Ghrelin levels increase in anticipation of a meal and also allows you to eat large quantities of food and override basic energy and nutritional needs. Rats that are injected with ghrelin consume more meals and large quantities of food.

A part of the brain called the hippocampus is densely populated with sensors, or receptors, for ghrelin. The hippocampus enhances and integrates reminders or cues in your internal and external environment to help you locate food e.g. visual, olfactory or auditory messages. When the hippocampus is activated by ghrelin, food-related cues are enhanced and become difficult to ignore - pushing you to search for food.

The hippocampus does this, scientists think, by taking advantage of memories of a previous experiences of eating (yum!), triggers from our bodies (hunger hormones, state of nutrition etc.) and also context-related external cues (sight of your fridge or a fast food advert). All of this information influences our decisions on what, where, when to eat.

In other words, the hippocampus integrates all our learned associations with food and promotes us to eat… and then overeat. You may have heard of Pavlov’s dog that was trained to associate the ringing of a bell with food… and eventually salivated in response to the bell even when there was no food. This process is called conditioning. Our brains are trained to recognize cues that mean food.

The Kanoski lab found that when ghrelin was injected directly into the hippocampus of rats it caused them to overeat. They were then able to prevent this overeating by using a drug that prevented ghrelin from acting in the hippocampus… but: the drug only worked in rats on a fixed meal schedule. The anti-ghrelin drug did not reduce the amount of food eaten by rats with constant access to food (even fatty/sugary food). This is good news! It suggests that the tricks cues, ghrelin and the hippocampus to promote eating could be modulated by re-evaluating spaced apart meal times.

Blame your parents: scheduled meal times have conditioned you to overeat

You probably grew up eating three meals a day. We eat by a schedule defined by our family, school or place of work. This kind of habitual eating behavior is learned (babies certainly don’t follow a meal schedule), and is known in science as conditioned feeding.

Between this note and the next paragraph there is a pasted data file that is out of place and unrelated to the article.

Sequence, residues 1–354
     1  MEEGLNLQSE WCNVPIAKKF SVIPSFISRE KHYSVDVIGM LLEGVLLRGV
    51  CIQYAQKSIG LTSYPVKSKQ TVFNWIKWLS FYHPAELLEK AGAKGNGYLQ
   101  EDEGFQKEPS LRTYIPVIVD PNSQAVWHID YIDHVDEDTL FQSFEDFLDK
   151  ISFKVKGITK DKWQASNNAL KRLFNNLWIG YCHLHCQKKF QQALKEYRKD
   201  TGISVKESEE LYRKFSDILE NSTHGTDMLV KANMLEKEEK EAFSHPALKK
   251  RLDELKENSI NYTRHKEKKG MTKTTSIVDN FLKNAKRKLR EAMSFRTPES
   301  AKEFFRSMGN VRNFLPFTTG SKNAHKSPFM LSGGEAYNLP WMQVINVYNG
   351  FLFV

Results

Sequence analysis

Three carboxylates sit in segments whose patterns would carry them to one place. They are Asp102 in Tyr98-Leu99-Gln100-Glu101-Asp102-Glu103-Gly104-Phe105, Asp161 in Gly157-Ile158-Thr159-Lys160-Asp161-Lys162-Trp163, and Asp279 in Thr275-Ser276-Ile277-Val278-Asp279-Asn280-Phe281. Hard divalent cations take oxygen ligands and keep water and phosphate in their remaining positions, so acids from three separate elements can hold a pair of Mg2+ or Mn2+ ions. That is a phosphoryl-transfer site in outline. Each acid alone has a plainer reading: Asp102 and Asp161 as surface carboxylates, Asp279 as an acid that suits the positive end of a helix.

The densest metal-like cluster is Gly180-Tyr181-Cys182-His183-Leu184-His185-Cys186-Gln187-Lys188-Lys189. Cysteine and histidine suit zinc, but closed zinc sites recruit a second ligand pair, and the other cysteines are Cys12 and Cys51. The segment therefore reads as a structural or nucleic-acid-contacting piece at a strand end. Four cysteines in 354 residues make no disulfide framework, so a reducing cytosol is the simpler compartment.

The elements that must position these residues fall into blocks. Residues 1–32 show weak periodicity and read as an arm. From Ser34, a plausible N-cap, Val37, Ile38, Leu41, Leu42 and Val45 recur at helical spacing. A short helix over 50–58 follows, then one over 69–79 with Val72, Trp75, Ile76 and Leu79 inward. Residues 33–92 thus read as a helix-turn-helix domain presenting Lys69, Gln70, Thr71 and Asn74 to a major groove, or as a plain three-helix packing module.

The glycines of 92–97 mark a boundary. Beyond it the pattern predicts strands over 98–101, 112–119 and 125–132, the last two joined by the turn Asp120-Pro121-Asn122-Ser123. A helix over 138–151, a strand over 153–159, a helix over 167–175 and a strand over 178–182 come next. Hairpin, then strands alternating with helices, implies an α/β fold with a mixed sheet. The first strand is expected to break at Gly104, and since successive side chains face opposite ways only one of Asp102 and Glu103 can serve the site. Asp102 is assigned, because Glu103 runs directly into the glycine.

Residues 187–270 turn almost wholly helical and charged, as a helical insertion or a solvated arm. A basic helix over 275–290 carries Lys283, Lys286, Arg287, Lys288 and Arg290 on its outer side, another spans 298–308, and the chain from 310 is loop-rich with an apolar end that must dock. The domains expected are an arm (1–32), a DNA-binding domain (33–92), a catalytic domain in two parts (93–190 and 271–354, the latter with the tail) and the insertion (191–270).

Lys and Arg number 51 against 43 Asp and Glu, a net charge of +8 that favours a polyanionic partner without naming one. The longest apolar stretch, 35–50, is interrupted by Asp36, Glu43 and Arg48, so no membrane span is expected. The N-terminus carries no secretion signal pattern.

Being obese or overweight is a huge problem in the Western world (mind the pun). And it is not mainly due to consumption of foods that are more calorific… the bigger driving force behind the obesity problem is portion sizes and the number of meals and snacks.

To look at how only having access to food during defined windows of time affects eating, the Kanoski lab, only allowed rats access to food for 4 hours a day. Usually research rats are able to access nutritious food any time they want (and generally are not overweight) but after a week of timed access the rats dramatically increased their intake of food in that time window (just like when we eat large quantities at our defined lunch break). By day four the rats had almost tripled their consumption of food in those four hours! The rats overate in order to compensate for longer periods without access for food.

Being trained to eat large meals in short periods of time in this way, akin to meals consumption in Western society, is called meal entrainment, and is triggered by those conditioned food cues discussed above. The ghrelin hormone signal from your stomach tricks you into thinking that you need to eat (anticipation), partly through noticing food cues (like the time), but it only does this if you have been eating on a fixed meal schedule!

We have been conditioned to overeat in short time windows.

Your fixed meal schedule motivates you to find food and overeat